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I am not sure what purpose the hon. Member thinks that such an inquiry would serve.

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Would not the purpose be to reveal a very large number of such houses which are becoming decontrolled in this way despite the protection which was supposed to be given in the Rent Act to tenants in houses of under £30 a year rateable value? Does not this mean that new tenants, because of the terrible housing shortage, are being grossly overcharged when they go into their new homes?

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No, Sir, I do not think there would be any evidence of that. There would be evidence of the fact that not nearly so many of these decontrolled houses have been relet as the Government hoped. That is because the effect of the Opposition's pledge to repeal the Rent Act has operated severely against tenants and would-be tenants.

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Does not the Minister think that decontrol and its effects are matters of importance and of concern to him in relation to the housing situation generally? Why does he not answer the Question he has been asked?

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I was anxious to know what was in the mind of the hon. Member, because I thought the effect of an inquiry such as he contemplated would certainly not satisfy him.

Mortgage Loans (Women Applicants)

6.

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asked the Minister of Housing and Local Government and Minister for Welsh Affairs whether he is aware that some corporations, empowered to advance money on mortgages under the Small Dwellings Acquisition Acts, 1899 to 1923, to assist the purchase of existing houses or the construction of new houses, demand that women applicants supply a guarantor; and if he will introduce amending legislation to prohibit such restriction.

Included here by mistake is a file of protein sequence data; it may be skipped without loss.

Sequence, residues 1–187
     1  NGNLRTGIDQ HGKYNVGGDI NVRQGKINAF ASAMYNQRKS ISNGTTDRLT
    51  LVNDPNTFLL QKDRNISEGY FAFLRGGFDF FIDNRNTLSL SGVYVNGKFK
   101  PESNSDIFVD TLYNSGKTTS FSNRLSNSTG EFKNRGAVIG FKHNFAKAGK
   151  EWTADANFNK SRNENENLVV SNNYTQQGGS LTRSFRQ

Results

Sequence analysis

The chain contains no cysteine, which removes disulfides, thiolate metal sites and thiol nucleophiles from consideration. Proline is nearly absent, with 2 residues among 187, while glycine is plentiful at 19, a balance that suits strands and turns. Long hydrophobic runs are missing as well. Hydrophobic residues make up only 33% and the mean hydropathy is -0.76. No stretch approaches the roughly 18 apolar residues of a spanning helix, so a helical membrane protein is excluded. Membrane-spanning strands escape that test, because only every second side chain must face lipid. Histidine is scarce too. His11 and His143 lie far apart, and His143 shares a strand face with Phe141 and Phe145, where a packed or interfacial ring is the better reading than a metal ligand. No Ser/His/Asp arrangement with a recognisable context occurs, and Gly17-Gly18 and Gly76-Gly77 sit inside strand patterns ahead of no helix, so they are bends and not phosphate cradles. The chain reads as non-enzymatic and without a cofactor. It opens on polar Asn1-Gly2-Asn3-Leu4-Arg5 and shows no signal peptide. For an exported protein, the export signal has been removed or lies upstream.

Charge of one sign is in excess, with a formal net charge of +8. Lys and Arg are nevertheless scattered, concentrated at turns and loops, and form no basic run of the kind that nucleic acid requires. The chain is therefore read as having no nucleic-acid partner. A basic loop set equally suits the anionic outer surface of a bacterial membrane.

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I have no evidence that local authorities in granting mortgages require women borrowers to supply a guarantor. I propose, however, to send a circular to local authorities making it a condition of schemes under the Housing Act that loans be given without distinction of sex. I cannot do this in respect of loans made under the Small Dwellings Acquisition Acts, as the conditions governing loans under these Acts are embodied in law; but most loans for house purchase are now made under the Housing Acts, and use of the Small Dwellings Acquisition Acts is steadily declining.

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While I was glad to hear the last part of that Answer, may I ask if the Minister is aware that I have with me the printed form for the scheme and general conditions of the County Borough of Hastings under these Acts, and that paragraph 9 says:

"The council will require to be satisfied that the applicant for the loan is capable of meeting his repayments, and where the applicant is a female, and in certain other cases, a guarantor of the repayments will be required."
Would not the Minister agree that such language is both outrageous and indefensible today? Could he find whether the County Borough of Hastings, following our debates in this House, is still using such out-of-date words?

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I recognise that it is not only the building societies which the hon. Lady is up against, but certain local authorities. I have no evidence from Hastings and there is no reason why I should have because it is not obligatory on the council to tell me exactly what it is doing, I repeat my assurance that I shall tell all local authorities that in future it will be an important condition of my approval of schemes under the Housing Acts that there must be no discrimination such as that to which the hon. Lady objects.

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If the right hon. Gentleman has not the necessary power under the Small Dwellings Acquisition Acts, could not he put down an Amendment today to be taken on the Report stage tomorrow of the House Purchase and Housing Bill?

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No, I think it would be outside the scope of that Bill and, in any case, as the number of loans under these Acts is steadily declining in relation to the Housing Acts, I do not think that is really necessary.

7.

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asked the Minister of Housing and Local Government and Minister for Welsh Affairs if he has considered the evidence supplied to him by the hon. Member for Coventry, South, on 17th December last relating to the demand for male guarantors in the case of women applicants for mortgage loans t and if he will make a statement.

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I would refer the hon. Member to the Answer I gave to my hon. Friend the Member for Tynemouth (Dame Irene Ward) on 22nd January, and to the debate on the Committee stage of the House Purchase and Housing Bill on 4th February.

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The Minister will not mind if I prefer the Answers given to me on this matter. Is he aware that since those Answers and the statement by the Building Societies Association that no such discrimination is made, many people, including several of his own party, say that the association is not telling the truth? Will he look into the matter of further evidence?